In addition to Amritsar, McDonald’s famed golden arches will be taking up residence near to the second busiest pilgrimage spot in India; in the foothills of the Vaishno Devi shrine in the small town of Katra. Around 8 million pilgrims pass through the latter annually, while the Golden Temple attracts tens of thousands of visitors a day from the global Sikh community.
McDonald’s are likely to face protests over their plans to open restaurants in two of India’s most revered religious centres and pilgrimage sites.
While McDonald’s, home to the Big Mac and universally associated with meat-induced fast-food, have never served beef in India since opening their in 1996 due to the obvious local sensibilities, they do sell lamb and chicken burgers, in addition to chicken nuggets, lamb sausage muffins and fish burgers. The new restaurants will be purely vegetarian having developed a new menu in an effort to win over a seemingly reticent and apparently untapped Indian consumer.
Rajesh Kumar Maini, a spokesman for McDonald’s in northern India, told AFP: “There is a big opportunity for vegetarian restaurants as many Indians are vegetarian.
“At the moment, India is still a very small market – we just have 271 restaurants in India, and across the world, we have nearly 33,000.”
While Vikram Bakshi, who manages McDonald's restaurants in east and north India, told the Economic Times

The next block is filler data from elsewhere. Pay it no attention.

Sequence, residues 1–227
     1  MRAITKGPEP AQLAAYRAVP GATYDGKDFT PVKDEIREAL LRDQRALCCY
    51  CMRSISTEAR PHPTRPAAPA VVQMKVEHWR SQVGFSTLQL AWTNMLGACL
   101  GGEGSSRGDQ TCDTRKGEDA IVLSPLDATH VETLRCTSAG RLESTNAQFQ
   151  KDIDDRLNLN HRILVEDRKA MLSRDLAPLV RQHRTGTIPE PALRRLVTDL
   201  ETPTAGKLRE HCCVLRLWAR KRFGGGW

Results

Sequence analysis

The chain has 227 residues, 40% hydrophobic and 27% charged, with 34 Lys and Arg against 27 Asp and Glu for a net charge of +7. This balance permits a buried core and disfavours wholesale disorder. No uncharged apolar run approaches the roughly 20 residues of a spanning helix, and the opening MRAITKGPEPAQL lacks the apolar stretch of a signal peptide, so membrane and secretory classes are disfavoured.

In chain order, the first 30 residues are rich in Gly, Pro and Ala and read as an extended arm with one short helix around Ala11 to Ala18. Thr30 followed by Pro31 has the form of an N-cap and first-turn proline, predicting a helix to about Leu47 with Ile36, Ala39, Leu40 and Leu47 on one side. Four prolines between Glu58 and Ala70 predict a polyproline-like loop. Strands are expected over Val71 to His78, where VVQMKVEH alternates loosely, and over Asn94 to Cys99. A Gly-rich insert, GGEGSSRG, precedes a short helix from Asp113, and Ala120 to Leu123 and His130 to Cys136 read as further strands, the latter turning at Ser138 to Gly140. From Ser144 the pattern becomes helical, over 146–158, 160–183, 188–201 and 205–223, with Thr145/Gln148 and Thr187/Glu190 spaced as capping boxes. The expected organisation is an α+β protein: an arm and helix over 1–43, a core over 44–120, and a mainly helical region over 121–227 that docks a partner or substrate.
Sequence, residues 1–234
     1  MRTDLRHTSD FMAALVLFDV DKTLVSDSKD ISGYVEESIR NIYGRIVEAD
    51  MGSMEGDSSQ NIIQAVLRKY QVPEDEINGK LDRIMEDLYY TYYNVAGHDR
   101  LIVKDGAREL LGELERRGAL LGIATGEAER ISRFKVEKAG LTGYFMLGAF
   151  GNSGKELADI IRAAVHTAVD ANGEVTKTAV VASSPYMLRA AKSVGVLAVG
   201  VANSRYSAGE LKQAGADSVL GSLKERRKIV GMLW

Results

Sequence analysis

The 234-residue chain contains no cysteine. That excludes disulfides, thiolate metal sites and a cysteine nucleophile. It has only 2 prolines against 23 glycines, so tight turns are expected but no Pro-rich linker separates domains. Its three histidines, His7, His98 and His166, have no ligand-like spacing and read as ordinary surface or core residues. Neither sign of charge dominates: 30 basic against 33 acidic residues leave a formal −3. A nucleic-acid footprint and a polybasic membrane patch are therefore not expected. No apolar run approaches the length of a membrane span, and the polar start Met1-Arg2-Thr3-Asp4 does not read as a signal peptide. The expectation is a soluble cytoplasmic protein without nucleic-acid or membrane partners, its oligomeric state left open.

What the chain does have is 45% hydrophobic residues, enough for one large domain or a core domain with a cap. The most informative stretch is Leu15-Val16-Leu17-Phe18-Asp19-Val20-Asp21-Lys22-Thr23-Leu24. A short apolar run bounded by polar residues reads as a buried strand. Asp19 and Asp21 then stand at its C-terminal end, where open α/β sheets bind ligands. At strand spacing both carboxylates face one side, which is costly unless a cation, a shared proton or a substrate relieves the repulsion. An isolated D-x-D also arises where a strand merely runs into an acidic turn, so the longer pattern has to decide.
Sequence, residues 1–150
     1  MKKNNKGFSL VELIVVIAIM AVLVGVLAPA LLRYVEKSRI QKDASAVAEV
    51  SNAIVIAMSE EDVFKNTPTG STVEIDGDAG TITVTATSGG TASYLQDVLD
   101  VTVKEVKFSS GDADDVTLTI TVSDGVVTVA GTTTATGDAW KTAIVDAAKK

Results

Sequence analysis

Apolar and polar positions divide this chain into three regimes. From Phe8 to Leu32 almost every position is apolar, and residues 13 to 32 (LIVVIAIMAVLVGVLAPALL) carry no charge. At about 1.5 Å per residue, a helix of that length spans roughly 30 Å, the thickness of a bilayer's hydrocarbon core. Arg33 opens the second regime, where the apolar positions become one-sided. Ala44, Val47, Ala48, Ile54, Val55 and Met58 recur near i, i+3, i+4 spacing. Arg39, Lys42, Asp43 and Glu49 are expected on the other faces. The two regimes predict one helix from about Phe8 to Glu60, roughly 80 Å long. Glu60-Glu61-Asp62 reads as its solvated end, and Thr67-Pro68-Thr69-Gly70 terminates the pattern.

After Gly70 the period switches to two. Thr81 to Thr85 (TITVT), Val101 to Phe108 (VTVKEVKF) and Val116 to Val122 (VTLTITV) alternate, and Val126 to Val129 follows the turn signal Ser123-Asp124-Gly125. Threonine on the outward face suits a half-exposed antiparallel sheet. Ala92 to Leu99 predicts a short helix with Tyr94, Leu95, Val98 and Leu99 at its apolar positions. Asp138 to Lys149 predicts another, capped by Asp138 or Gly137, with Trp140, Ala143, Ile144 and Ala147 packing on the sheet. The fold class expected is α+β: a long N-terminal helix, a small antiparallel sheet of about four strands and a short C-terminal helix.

: "We see a huge potential [for making money from vegetarian outlets] as, by nature, Indians are religious,"
The McVeggie, a patty of carrots, peas with potato; the McAloo Tikki, a deep fried patty of spicy mashed potatoes which already accounts for 25% of the company’s total sales; and the McSpicy Paneer, a patty of traditional Indian cheese, will form the core of the new 100% vegetarian menu on the controversial sites of the fast food giants' chosen locations.
The plans have already caused quite a stir with the Hindu nationalist group, Swadeshi Jagran Manch, lambasting the restaurants’ proposals as means to “deliberately humiliate Hindus”.
"It's an attempt not only to make money but also to deliberately humiliate Hindus," its national co-convener S Gurumurthy told The Daily Telegraph
. "It is an organisation associated with cow slaughter. If we make an announcement that they're slaughtering cows, people won't eat there. We are definitely going to fight it."
In India the menu is already 50% vegetarian which is a significantly larger percentage than in any other country and its local stores have become largely unrecognisable from their Western outlets, even if McDonald’s have made concessions, albeit of a different nature, in other countries before. In France, for example, you can enjoy Le Big Mac with wine and the company also runs an annual promotion called Le Saga du Fromage, where instead of the usual cheddar, burgers are topped with beloved French cheeses such as Reblochon. In Italy, pasta can be used as a substitute for fries.
Other global chains such as sandwich giant Subway and pizza brand Domino's have also taken measures to adhere to India’s vegetarian sensibilities. Subway, which last year surpassed McDonald's as the world's largest restaurant chain, opened its first vegetarian-only outlet at Amity University at Noida last year, and have subsequently followed up that venture with another in Mumbai two months ago, with a further four planned.
McDonald's serve 69 million customers in their 33,000 outlets acorss 119 countries per day.